After his disappointing improved-vacuum-tube invention (see below), Kates did not give up. He went on to make important contributions in coordinating traffic lights to ease traffic flows.

(p. A9) When he demonstrated a computer tic-tac-toe game called Bertie the Brain in 1950, Josef Kates thought he was on the verge of making a fortune. The game, introduced at the Canadian National Exhibition, featured streamlined vacuum tubes invented by the Austrian-born Dr. Kates, who came to Canada in the 1940s as a refugee from Nazism. He hoped the tubes would revolutionize computing.

His timing was off. The rise of semiconductors was about to render vacuum tubes obsolete as computer components. “I got the patent, but the patent was useless,” he said in an oral history. “Okay, so on goes the world.”

For the full obituary, see:

James R. Hagerty. “Refugee Crunched Data to Unsnarl Traffic Jams.” The Wall Street Journal (Saturday, July 28, 2018): A9.

(Note: the online version of the obituary has the date July 27, 2018, and has the title “Josef Kates Found Ways to Unsnarl Traffic and Solve Business Problems With Computers.”)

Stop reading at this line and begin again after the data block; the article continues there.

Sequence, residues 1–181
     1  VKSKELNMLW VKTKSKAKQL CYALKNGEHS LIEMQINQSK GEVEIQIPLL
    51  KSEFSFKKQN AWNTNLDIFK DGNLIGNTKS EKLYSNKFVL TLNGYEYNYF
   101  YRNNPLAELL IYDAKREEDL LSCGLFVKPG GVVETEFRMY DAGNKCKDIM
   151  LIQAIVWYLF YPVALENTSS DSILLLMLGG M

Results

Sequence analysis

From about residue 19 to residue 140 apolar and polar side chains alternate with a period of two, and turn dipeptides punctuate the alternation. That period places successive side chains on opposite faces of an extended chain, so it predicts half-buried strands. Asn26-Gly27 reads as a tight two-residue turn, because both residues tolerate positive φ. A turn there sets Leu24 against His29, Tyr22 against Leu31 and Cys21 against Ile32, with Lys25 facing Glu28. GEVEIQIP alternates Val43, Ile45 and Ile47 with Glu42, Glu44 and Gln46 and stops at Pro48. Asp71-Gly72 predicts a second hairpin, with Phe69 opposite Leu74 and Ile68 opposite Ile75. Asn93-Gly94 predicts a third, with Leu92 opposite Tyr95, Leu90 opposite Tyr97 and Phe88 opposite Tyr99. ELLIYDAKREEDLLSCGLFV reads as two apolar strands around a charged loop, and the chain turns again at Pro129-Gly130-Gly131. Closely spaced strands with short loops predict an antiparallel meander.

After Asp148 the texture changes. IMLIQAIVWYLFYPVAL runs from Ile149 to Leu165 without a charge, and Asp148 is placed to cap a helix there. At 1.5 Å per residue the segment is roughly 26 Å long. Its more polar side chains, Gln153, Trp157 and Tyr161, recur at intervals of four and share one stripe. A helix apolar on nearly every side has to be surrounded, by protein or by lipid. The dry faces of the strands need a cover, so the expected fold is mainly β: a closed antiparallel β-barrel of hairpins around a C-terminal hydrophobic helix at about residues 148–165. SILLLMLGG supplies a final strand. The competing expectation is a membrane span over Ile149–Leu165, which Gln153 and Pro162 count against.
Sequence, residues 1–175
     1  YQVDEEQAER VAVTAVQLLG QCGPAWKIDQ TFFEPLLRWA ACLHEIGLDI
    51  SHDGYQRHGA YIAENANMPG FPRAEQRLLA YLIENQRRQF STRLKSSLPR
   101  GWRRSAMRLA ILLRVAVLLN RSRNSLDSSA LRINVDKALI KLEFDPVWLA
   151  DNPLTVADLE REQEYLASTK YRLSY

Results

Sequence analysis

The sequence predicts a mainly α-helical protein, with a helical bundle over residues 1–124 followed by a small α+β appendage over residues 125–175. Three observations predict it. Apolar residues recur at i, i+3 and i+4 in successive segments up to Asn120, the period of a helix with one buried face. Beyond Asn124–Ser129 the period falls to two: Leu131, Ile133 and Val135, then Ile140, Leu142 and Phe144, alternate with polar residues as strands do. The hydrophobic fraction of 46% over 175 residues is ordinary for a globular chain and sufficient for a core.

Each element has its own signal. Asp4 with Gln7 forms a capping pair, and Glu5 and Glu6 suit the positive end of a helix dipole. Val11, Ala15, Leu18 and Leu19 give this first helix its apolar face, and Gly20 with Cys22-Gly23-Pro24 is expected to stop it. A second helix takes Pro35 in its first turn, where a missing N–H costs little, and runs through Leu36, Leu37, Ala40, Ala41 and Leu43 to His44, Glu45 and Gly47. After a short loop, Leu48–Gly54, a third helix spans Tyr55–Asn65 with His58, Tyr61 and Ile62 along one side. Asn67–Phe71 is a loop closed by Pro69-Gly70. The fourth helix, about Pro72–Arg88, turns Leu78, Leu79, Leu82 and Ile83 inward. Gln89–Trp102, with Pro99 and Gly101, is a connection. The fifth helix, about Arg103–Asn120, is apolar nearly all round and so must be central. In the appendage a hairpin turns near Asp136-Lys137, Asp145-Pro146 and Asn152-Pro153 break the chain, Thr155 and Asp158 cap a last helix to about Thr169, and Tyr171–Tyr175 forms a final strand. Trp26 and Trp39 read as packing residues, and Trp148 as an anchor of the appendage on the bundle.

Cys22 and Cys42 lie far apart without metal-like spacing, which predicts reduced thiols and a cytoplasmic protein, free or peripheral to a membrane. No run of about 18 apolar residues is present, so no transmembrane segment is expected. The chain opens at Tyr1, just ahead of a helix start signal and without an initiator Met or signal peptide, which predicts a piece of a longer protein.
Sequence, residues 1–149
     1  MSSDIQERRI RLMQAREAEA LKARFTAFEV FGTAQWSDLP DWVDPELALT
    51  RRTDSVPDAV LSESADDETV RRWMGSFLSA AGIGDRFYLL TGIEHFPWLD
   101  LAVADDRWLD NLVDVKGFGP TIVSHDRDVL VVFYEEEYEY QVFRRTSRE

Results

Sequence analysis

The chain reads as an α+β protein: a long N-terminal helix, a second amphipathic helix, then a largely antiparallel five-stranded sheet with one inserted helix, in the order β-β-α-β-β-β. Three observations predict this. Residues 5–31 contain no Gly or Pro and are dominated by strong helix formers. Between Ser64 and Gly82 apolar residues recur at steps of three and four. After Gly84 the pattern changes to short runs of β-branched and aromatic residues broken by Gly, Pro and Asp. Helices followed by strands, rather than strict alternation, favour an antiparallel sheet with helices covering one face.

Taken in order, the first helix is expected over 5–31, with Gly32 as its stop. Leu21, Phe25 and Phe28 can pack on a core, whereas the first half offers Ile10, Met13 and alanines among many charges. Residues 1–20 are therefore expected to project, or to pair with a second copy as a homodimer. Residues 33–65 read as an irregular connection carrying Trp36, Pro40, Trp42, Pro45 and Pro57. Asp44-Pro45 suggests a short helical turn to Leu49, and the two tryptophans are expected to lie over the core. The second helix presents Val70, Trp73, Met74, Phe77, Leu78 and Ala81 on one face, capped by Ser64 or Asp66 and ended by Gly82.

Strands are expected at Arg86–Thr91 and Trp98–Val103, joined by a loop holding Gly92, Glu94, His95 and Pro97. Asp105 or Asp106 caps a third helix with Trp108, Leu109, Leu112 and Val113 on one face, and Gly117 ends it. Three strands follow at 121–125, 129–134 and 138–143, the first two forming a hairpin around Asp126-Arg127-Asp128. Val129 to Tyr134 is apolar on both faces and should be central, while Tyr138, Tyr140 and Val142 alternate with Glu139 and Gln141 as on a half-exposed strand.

Huawei “Spent All Their Resources Stealing Technology”

(p. B1) On a summer evening in 2004, as the Supercomm tech conference in Chicago wound down, a middle-aged Chinese visitor began wending his way through the nearly abandoned booths, popping open million-dollar networking equipment to photograph the circuit boards inside, according to people who were there.

A security guard stopped him and confiscated memory sticks with the photos, a notebook with diagrams and data belonging to AT&T Corp. , and a list of six companies including Fujitsu Network Communications Inc. and Nortel Networks Corp.

The man identified himself to conference staff as Zhu Yibin, an engineer. The word on his lanyard read “Weihua”—an accidental scramble, he said, of his employer’s name: Huawei Technologies Co.

. . .

(p. B6) A review of 10 cases in U.S. federal courts, and dozens of interviews with U.S. officials, former employees, competitors, and collaborators suggest Huawei had a corporate culture that blurred the boundary between competitive achievement and ethically dubious methods of pursuing it. Continue reading “Huawei “Spent All Their Resources Stealing Technology””